It's pretty simple. If you buy a retail, consumer PC with Windows 8 from any vendor, not just HP, you're pretty much stuck with Windows 8. Moral of the story: Unless Windows 8 is really what you want--God knows why--don't buy PCs with Windows 8.
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- It is good in way. It is time people take sides. Fence sitters will be kicked to hell on the other side or showered with love on FOSS side !Nov 10, 2012
- I had no trouble installing Red Hat Linux on my W530. I had to change a BIOS setting to allow it to boot normally rather than the "lock-up" mode of Windows 8. Using a USB stick, it took about 15 minutes to install Linux and have a working system.Sep 19, 2013
- yeah, UEFI on a PC is pretty easily bypassable now. But it makes discount-priced Surface RT's worthless, as very few have managed to get past the more restrictive UEFI on those. BTW, as I understand it, Redhat was actually given the clearance to boot from via UEFI, many in the community weren't happy that they chose to deal with the devil. ;-)Sep 19, 2013
- Keep in mind that Linux users have been buying Windows machines and installing Linux on them since 1991. There are many legal advantages to doing so. For example, purchasing a machine that has Windows preinstalled means you are licenced for Windows. Linux users can install Linux and then install Windows in a virtual machine such as a VMWare image or KVM image and have the best of both worlds.
Tablets are a different story. Most manufacturers offer Linux (Android) tablets or Windows tablets, and the design is such that the Android tablets are unable to run Windows and vice versa. This is to prevent Microsoft from claiming that 10% of the Android tablets are really running Windows and the OEM now has the option of paying full price ($300+) for Windows on 10% of their inventory or a deeply discounted price ($10-$30) per device for 110% of their inventory, with the provision that Windows MUST be installed on each machine they produce before it is shipped. This is what happened in the NetBook/OLPC market.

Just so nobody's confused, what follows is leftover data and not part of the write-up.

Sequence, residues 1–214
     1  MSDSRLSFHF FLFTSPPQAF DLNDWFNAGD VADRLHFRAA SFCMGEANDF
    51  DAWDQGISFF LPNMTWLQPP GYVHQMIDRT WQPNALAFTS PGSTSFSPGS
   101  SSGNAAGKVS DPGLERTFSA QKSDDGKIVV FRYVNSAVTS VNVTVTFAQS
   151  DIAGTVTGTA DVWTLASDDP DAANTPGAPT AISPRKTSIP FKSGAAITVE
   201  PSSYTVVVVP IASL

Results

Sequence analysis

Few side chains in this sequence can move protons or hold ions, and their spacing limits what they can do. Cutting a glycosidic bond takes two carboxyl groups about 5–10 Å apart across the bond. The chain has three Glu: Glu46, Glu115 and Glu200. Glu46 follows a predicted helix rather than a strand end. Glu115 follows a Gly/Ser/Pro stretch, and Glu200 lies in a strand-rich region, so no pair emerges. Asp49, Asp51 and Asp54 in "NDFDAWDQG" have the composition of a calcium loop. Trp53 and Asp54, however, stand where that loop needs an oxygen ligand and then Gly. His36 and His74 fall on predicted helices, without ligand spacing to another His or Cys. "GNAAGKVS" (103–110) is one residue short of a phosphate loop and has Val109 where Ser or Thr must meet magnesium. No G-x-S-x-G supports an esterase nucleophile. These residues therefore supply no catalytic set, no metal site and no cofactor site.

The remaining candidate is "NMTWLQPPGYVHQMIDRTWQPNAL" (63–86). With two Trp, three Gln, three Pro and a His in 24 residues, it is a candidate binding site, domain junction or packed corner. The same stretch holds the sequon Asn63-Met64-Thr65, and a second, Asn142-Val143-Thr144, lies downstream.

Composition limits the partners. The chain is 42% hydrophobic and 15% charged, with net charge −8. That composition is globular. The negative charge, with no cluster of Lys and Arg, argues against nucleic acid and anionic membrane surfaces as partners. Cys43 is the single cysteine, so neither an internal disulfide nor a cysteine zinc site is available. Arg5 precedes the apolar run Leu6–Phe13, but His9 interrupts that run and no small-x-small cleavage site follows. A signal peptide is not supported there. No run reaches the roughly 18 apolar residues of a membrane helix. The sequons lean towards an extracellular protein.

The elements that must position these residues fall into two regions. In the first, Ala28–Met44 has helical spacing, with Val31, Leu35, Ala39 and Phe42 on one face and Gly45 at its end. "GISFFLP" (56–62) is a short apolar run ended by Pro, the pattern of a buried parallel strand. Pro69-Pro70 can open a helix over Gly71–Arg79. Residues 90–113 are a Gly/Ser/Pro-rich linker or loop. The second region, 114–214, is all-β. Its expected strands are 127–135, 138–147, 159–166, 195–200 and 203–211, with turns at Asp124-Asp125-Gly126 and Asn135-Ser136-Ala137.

The ARM chip was used for Android tablets to make it impossible to install Windows 7 on them. When Microsoft introduced Windows 8 tablets for the ARM chips, manufacturers wanted to make sure that Windows 8 could not be loaded onto the Android devices. Microsoft wanted to be sure that the Windows 8 devices couldn't be loaded with Linux.
The strategy may have backfired, since Windows8 tablets are not as popular as expected, and Android tablets are still the largest percentage of new device sales.
Apple's devices are the most profitable, Antroids are also very profitable, but Windows 8 price erosion and excessive hardware requirements have made profits a bit "iffy".Sep 21, 2013
- I'm pretty sure Microsoft says that your license is for the hardware. I believe they say that you must purchase another license for the vm. I don't give a rat's Ballmer myself, I use the same oem xp install on a dozen different machines. But just pointing out that Microsoft makes it effectively impossible to stay 100% legal. Who cares.Sep 21, 2013
- Actually, your windows license says you can only use Windows on that device. Microsoft tried to add a clause forbidding VMs but PC makers and corporate customers made it clear that if they bought Windows with the machine they expected to be able to use Windows as a VM. Otherwise they would start selling/ordering machines with NO operating system, install Linux themselves and Microsoft might not be installed at all.
Letting customers use Windows VMs kept Microsoft in the marketplace.Oct 26, 2013